Sea Lamprey, Petromyzon marinus
The sea lamprey is eel-like in shape. Its scaleless body ranges in colour from olive to brown with dark patches in larger individuals. The sea lamprey lacks pectoral and pelvic fins. It has two dorsal fins, the second and largest is continuous with the anal fin. The lamprey does not have opercular openings, but rather has seven gills slits. The absence of true jaws is a key characteristic of the lamprey. Instead, it has a circular oral disc and tongue that are heavily toothed.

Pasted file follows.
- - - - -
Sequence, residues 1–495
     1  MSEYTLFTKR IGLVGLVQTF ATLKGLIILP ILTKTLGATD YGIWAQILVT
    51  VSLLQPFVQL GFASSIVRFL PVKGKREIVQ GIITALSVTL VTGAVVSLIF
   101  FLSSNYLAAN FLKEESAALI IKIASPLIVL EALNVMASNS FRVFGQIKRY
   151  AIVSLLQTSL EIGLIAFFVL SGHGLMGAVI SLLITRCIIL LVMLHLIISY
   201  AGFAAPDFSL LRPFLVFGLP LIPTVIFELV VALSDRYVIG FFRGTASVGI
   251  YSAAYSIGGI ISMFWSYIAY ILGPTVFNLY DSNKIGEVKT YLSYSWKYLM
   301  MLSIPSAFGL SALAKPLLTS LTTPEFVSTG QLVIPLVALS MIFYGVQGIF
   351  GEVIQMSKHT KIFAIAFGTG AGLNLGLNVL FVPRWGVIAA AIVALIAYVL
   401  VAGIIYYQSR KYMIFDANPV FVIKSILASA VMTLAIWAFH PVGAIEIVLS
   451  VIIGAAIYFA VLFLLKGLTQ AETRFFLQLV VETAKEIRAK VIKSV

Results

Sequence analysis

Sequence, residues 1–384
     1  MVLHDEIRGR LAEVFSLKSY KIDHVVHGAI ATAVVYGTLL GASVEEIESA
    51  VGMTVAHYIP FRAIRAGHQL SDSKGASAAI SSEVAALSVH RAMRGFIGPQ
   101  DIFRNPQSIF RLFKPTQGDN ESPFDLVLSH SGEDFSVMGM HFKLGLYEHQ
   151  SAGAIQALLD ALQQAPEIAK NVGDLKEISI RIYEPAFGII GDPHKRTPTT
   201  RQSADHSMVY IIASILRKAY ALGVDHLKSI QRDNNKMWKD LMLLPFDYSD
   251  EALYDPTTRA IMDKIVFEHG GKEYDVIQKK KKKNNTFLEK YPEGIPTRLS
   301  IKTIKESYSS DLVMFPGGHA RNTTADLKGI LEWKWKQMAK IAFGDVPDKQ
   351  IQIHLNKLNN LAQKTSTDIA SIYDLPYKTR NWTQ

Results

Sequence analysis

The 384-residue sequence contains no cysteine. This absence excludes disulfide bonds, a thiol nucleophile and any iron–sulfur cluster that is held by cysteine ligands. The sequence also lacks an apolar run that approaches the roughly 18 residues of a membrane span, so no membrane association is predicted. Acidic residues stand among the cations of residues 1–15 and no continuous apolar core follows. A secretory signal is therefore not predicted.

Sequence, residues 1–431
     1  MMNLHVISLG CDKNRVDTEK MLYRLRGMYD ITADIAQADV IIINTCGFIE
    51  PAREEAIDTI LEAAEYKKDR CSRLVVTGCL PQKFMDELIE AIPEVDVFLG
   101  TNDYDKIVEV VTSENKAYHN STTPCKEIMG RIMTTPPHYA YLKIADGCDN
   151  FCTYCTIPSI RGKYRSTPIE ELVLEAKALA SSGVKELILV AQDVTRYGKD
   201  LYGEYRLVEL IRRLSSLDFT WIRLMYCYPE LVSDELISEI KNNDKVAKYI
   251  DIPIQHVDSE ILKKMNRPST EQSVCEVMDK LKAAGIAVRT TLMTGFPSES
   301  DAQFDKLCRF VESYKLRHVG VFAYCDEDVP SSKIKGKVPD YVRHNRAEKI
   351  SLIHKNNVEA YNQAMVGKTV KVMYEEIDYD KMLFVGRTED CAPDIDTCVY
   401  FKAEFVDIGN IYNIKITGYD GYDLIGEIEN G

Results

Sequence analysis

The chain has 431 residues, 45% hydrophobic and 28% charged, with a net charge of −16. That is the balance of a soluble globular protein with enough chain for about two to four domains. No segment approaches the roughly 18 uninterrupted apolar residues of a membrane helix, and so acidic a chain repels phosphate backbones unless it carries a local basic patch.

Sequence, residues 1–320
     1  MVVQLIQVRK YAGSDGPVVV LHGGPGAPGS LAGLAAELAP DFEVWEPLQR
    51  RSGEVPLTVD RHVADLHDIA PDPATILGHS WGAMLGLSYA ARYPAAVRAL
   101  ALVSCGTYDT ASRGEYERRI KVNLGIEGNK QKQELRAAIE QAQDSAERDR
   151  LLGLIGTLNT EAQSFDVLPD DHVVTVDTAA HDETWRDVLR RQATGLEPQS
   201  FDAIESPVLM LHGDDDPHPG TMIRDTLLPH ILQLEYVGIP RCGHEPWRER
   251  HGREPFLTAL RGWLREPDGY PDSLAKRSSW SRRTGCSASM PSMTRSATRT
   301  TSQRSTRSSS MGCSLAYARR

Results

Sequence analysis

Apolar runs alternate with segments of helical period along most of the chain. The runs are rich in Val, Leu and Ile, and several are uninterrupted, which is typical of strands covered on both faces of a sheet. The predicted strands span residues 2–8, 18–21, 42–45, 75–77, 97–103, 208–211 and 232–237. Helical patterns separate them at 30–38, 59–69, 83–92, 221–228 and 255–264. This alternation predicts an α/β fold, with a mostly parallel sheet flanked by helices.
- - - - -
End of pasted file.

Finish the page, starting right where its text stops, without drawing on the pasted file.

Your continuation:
The sea lamprey is anadromous spending most of its adult life at sea only returning to spawn. Young lampreys stay in freshwater for up to seven years living in silt and mud. Adult lampreys attach to fish using their toothed disc. When attached the tongue is used to scrap a hole into the body of the fish. The lamprey secretes two substances, one to prevent coagulation and the other to breakdown muscle tissues. It then sucks the fluids from the body. The prey of lamprey include species such as; lake trout, suckers, pike, Atlantic salmon, Atlantic cod, and sturgeon. They will feed until the fish has died, but are sometimes shaken off leaving the fish with a circular scar at the site of attachment. Young lampreys are filter feeders collecting small particles such as algae, detritus, and diatoms.